A Quick Case for Charter Cities: Memo to the Gates Foundation, by Bryan Caplan

Holding workers’ traits fixed, moving a Haitian from Haiti to the United States increases his wage about ten times – a gain of 900%. The lesson: Third World workers are less productive than First World workers largely because they live in the dysfunctional countries. — Bryan Caplan’s summary of the Place Premium [PDF].

The Gates Foundation asked Bryan to write a memo on Charter Cities.

It would be wonderful if the implementation of the first charter cities could be accelerated with cash. But it’s not clear to me how a big investment in the Charter Cities project would be effective. Brandon Fuller at Charter Cities wrote a nice post interpreting the Caplan memo — including this clarification — they were not looking for money:

Though we’ve had good discussions with people at the Gates Foundation about urbanization in general and the charter cities proposal in particular, we have not asked for their financial support.

Here’s an excerpt from Bryan’s post on Econlog:

The Bill and Melinda Gates Foundation has an interesting accountability mechanism. After they make a major funding decision, they solicit pro and con memos on “roads not taken” – other ways they could have spent their money. Since the Gates Foundation recently decided not to back charter cities to help reduce global poverty, they asked me to write a memo to explain why they made a mistake. Here’s the full text of my memo, reprinted with permission:


To: The Bill and Melinda Gates Foundation

From: Prof. Bryan Caplan

Re: The Case for Charter Cities

Anyone serious about reducing world poverty must come to grips with a single key fact: Redistribution from rich to poor has not and cannot solve more than a tiny fraction of the problem. Even if you could perfectly equalize income in Third World nations with zero effect on production, the citizens of Third World countries would remain mired in poverty. Take Bangladesh. With a GDP of $256B and a population of 164M, equalization would at best give each citizen an income of $1561 per year – about $4 a day. Countries do not overcome poverty by sharing production more equally. They overcome poverty by increasing production – what economists call “economic growth.”

At first glance, increasing production seems extremely slow and difficult, requiring decades of investment in education, infrastructure, political reform, and who knows what else. But there turns out to be one foolproof way for people from the Third World to drastically increase their production overnight: move to the First World. “The Place Premium,” an important paper by the Center for Global Development’s Michael Clemens, Claudio Montenegro, and Lant Pritchett[1], offers the most precise estimates of the benefits of migration. They find that the effect of country of residence on income dwarfs the combined effects of poor education, poor health, poor work habits, and all the other defects commonly ascribed to Third World labor. Holding workers’ traits fixed, moving a Haitian from Haiti to the United States increases his wage about ten times – a gain of 900%. The lesson: Third World workers are less productive than First World workers largely because they live in the dysfunctional countries.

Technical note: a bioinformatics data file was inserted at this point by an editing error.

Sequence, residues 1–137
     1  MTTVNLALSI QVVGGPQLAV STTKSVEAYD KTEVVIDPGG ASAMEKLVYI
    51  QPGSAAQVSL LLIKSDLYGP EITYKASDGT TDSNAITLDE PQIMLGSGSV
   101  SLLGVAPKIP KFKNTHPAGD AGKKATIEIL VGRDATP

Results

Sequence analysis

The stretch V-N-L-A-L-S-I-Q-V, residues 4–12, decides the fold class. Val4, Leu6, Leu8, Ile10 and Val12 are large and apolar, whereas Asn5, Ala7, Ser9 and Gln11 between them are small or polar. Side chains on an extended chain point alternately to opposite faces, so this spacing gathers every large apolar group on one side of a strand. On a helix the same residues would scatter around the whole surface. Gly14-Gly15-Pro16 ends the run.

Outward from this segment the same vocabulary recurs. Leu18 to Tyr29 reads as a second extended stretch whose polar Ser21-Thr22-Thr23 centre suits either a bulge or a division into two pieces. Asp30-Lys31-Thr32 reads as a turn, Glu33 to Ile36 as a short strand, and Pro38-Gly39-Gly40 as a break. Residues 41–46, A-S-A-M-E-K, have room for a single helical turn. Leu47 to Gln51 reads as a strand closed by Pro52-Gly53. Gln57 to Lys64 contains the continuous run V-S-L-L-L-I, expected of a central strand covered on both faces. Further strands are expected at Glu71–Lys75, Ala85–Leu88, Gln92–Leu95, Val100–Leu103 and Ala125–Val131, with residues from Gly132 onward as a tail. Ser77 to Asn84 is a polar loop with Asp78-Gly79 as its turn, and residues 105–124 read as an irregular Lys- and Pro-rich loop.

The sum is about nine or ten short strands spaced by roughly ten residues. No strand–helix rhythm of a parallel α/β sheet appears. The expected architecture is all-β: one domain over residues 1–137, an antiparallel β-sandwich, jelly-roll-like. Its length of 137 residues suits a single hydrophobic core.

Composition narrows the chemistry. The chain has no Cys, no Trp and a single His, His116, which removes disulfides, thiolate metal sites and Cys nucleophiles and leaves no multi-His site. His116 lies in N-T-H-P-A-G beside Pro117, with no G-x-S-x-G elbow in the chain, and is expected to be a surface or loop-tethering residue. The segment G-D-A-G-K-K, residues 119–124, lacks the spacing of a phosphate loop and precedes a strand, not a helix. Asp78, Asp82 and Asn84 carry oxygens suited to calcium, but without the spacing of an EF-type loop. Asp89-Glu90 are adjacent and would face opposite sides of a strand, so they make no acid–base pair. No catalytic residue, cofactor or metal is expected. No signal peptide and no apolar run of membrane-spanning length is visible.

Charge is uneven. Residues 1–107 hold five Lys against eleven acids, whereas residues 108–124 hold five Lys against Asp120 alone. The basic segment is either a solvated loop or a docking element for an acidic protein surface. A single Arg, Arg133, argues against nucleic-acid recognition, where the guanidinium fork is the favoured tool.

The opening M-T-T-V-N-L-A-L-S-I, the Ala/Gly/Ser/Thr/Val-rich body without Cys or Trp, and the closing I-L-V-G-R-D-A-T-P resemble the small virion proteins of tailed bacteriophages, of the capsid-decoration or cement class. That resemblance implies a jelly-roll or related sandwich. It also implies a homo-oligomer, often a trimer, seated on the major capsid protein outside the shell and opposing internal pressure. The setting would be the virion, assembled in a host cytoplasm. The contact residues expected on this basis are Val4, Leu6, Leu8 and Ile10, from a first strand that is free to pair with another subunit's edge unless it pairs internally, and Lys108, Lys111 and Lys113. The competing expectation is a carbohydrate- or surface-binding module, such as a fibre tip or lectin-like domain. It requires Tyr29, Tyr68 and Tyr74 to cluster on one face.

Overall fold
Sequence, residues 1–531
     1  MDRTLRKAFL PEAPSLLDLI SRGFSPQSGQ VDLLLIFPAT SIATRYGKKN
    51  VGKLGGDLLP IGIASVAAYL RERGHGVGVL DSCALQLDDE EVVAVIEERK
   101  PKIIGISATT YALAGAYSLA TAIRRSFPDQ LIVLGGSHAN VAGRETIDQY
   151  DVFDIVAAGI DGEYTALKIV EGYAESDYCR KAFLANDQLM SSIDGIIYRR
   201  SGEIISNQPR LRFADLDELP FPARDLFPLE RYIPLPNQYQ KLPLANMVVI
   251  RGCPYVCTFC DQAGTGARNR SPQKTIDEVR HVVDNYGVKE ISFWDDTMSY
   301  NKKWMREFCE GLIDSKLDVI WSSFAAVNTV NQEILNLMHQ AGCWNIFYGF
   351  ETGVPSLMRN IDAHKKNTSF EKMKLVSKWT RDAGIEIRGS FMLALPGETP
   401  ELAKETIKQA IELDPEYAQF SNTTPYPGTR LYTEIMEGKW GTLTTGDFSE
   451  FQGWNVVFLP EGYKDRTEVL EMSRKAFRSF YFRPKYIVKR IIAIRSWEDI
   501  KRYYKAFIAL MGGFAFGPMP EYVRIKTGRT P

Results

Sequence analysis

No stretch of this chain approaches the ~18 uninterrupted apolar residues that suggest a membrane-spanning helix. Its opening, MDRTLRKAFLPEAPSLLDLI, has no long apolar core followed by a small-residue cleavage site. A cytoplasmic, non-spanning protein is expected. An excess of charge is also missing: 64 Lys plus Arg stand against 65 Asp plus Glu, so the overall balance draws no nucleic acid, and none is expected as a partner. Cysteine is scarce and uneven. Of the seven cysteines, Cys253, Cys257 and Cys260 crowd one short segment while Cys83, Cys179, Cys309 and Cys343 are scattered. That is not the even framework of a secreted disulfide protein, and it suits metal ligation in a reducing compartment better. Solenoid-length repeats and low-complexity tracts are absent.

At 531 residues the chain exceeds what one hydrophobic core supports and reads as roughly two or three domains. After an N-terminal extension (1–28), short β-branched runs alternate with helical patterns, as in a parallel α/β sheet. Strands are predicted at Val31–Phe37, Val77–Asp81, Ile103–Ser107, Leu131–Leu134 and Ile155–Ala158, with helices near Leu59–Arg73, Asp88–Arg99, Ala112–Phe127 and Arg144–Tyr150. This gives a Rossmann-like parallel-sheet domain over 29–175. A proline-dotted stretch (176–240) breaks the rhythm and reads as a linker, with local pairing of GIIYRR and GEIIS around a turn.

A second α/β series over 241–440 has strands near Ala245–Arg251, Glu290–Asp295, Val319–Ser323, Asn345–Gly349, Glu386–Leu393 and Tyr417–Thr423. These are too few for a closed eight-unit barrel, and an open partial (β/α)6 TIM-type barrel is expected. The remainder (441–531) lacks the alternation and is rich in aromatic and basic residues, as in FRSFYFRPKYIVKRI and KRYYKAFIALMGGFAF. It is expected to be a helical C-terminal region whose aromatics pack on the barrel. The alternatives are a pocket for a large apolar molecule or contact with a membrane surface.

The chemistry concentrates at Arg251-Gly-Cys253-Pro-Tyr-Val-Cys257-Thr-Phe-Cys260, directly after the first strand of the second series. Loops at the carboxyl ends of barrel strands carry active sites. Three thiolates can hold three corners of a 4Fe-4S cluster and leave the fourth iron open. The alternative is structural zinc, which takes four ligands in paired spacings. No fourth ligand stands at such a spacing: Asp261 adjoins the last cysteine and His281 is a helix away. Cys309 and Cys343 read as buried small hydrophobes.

The first-best solution to global poverty, therefore, is for the First World to allow much higher levels of immigration. Unfortunately, despite its low absolute level (annual U.S. immigration is well under 1% of its population), immigration is already extremely unpopular. For the foreseeable future, significantly more open borders – not to mention truly open borders – seem politically impossible. The challenge, then, is to figure out a close substitute for free migration from the Third World to the First. This is the challenge that Paul Romer’s increasingly influential “charter cities” proposal tries to meet.

(snip)

Another upside of charter cities is that there is virtually no downside. A charter city begins on empty land. It can only grow by voluntary migration of workers and investors. If no one chooses to relocate, they’re no worse off than they would have been if the charter city had never existed. If efforts to start charter cities fail, at least they won’t harm the very people they’re intended to help.

(…)

Read the whole thing »

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